In a blow, influential Republican a 'no' on health care bill

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"He's working it one by one". Leadership has been careful to ensure they have enough votes to avoid having to once again pull the legislation off the floor.

"I told him my concerns continue to be about Medicaid expansion not being soft on its landing", Dent said. Half of all respondents said that they have "little or no" confidence that the Republican bill will make their health care better, according to a recent NBC News poll. Despite the travails, House GOP leaders are optimistic the chamber could vote on the bill as soon as this week. The president said "Pre-existing conditions are in the bill".

That's right on the edge of the 22 members Republicans can afford to lose for the bill to pass.

House Republicans said they are planning to focus their end of the week policy meeting on Thursday on discussing healthcare further. "This is fine print time". Change the bill back to include a mandate and lots of Freedom Caucus support walks away.

On Monday evening, the vice president met with three different Republican House members individually to discuss the AHCA.

A senior Trump adviser said the White House counts them five votes short on the bill, which he said could drop to zero or grow to 15.

As the effort to pass the bill reached a crucial point, some members appeared increasingly exhausted by the repeated push on health care - a factor that could see some shelve objections just to offload it to the Senate. For those who are voting yes, many are doing so reluctantly.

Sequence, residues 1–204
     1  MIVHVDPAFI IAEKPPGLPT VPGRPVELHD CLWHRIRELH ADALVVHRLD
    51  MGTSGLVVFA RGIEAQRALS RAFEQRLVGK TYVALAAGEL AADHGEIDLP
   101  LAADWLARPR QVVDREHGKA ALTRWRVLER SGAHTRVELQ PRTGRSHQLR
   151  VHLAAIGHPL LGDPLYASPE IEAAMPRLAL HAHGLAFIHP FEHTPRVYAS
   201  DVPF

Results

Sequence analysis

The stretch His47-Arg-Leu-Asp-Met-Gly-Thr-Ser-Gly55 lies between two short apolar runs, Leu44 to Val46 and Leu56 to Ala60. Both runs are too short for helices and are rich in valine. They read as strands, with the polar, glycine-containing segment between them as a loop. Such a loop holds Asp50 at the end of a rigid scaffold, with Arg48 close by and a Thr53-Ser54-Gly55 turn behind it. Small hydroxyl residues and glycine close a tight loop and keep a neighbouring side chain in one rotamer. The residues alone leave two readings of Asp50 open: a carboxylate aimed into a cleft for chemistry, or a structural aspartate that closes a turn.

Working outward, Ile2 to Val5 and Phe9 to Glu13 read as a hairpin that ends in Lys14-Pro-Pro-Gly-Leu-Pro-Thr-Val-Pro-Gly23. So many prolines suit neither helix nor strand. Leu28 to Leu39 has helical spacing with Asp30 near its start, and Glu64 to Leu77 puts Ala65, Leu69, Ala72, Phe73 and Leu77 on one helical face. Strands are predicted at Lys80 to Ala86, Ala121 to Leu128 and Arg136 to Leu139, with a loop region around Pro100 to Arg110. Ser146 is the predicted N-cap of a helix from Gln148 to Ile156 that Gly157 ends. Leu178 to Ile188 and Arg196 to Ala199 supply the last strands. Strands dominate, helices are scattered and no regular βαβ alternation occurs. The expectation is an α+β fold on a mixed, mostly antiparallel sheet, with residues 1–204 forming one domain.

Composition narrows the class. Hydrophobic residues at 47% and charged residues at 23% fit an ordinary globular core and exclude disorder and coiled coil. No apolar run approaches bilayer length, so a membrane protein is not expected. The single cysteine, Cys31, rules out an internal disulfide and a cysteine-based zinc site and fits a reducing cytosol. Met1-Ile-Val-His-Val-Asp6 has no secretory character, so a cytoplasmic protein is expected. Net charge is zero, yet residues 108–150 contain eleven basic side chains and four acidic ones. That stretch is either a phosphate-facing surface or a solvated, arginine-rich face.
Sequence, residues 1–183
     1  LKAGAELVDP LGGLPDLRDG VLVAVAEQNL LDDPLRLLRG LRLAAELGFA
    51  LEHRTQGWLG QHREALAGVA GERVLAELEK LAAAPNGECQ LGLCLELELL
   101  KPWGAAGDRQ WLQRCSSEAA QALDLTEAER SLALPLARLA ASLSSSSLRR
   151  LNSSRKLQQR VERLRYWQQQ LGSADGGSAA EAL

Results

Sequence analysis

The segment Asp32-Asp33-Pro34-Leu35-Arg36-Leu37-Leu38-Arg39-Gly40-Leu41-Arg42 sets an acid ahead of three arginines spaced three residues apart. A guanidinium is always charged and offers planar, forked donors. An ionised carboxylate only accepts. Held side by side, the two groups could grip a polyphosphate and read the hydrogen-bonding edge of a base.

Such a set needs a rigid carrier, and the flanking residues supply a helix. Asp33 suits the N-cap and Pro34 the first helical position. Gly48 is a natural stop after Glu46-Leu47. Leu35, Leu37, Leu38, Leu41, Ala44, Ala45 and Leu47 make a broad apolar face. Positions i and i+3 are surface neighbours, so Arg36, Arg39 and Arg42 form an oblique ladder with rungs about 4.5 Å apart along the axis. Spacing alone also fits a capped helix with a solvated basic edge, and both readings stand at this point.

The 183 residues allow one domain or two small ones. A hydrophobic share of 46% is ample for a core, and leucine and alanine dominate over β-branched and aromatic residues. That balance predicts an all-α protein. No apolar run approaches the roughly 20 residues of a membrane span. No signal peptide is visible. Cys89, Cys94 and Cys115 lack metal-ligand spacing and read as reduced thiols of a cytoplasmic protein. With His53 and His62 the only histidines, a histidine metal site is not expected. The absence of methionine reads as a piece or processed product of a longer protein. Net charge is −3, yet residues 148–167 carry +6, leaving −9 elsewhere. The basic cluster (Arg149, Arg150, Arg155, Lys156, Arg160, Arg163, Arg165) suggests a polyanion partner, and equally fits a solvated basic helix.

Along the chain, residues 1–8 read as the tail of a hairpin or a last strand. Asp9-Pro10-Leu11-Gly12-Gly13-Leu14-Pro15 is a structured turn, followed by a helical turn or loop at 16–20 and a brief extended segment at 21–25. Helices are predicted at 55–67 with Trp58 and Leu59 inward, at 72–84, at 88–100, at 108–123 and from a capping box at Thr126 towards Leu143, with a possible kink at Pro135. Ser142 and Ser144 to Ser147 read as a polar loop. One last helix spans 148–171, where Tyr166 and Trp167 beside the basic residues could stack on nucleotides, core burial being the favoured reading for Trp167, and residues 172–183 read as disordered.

"I try to tell them how this bill balances two critical things, bringing the cost down and taking care of the most vulnerable people", said Rep. Tom MacArthur, R-NJ.

House Majority Leader McCarthy, R-California, agreed.

We say it because the bill has moved in the right direction, and because in our judgment passage through the House now considerably raises the likelihood that we will see improvements in health policy this year.

Chairman of the Freedom Caucus U.S. Rep. Mark Meadows (R-NC), who today said that Republicans still lack the votes to pass a reform bill to overhaul the U.S. healthcare system, walks in a hallway of the Rayburn Building on Capitol Hill in Washington, U.S., May 2, 2017. Some of their number could be leaning yes, but are waiting until the last minute to enjoy as much political cover as possible or to extract concessions from the White House or the House leadership. He needed surgery to fix two discs in his back, and the law's prohibition on insurance companies discriminating against people with pre-existing conditions is what allowed him to find a new insurer to pay for the procedure.

That was done by proposing to repeal the prohibition on pre-existing conditions in insurance plans.

Despite a provision that allows states to opt out, President Trump insists pre-existing conditions will be covered.

President Donald Trump is also not helping the matter with his confusing and contradictory comments about whether the final version of the bill will mandate that insurance companies cover people with pre-existing conditions - as the ACA now does.

A 21st, congressman Fred Upton, came out opposed, saying he was uncomfortable with a new amendment which allows states to remove essential health benefits, including protections that require insurance providers to offer coverage regardless of pre-existing conditions. In order to obtain that waiver, states would have to set up a high-risk pool-a government funded insurance plan for individuals with expensive medical conditions-but the Manhattan Institute's Chris Pope notes, those risk pools have historically been underfunded and expensive for enrollees.

Rep. Chris Collins of NY, a member of the moderate Tuesday Group and an ally of President Donald Trump, acknowledged that Republicans in competitive districts are in a tough spot.

He said he's going to vote for it to "move the bill forward".

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